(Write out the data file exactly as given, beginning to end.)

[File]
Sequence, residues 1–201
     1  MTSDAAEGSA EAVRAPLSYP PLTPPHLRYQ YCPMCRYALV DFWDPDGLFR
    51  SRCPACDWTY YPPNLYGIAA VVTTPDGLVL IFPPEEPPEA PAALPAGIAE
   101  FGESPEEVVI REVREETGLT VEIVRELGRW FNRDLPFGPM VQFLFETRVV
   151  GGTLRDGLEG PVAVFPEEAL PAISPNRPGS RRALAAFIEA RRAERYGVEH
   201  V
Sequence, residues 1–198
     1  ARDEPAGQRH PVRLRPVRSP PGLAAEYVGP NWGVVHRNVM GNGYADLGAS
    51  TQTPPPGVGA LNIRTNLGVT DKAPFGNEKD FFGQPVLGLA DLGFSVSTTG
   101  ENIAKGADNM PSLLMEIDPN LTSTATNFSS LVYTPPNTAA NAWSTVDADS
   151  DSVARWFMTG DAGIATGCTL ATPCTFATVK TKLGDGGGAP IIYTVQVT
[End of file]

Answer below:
Sequence, residues 1–201
     1  MTSDAAEGSA EAVRAPLSYP PLTPPHLRYQ YCPMCRYALV DFWDPDGLFR
    51  SRCPACDWTY YPPNLYGIAA VVTTPDGLVL IFPPEEPPEA PAALPAGIAE
   101  FGESPEEVVI REVREETGLT VEIVRELGRW FNRDLPFGPM VQFLFETRVV
   151  GGTLRDGLEG PVAVFPEEAL PAISPNRPGS RRALAAFIEA RRAERYGVEH
   201  V
Sequence, residues 1–198
     1  ARDEPAGQRH PVRLRPVRSP PGLAAEYVGP NWGVVHRNVM GNGYADLGAS
    51  TQTPPPGVGA LNIRTNLGVT DKAPFGNEKD FFGQPVLGLA DLGFSVSTTG
   101  ENIAKGADNM PSLLMEIDPN LTSTATNFSS LVYTPPNTAA NAWSTVDADS
   151  DSVARWFMTG DAGIATGCTL ATPCTFATVK TKLGDGGGAP IIYTVQVT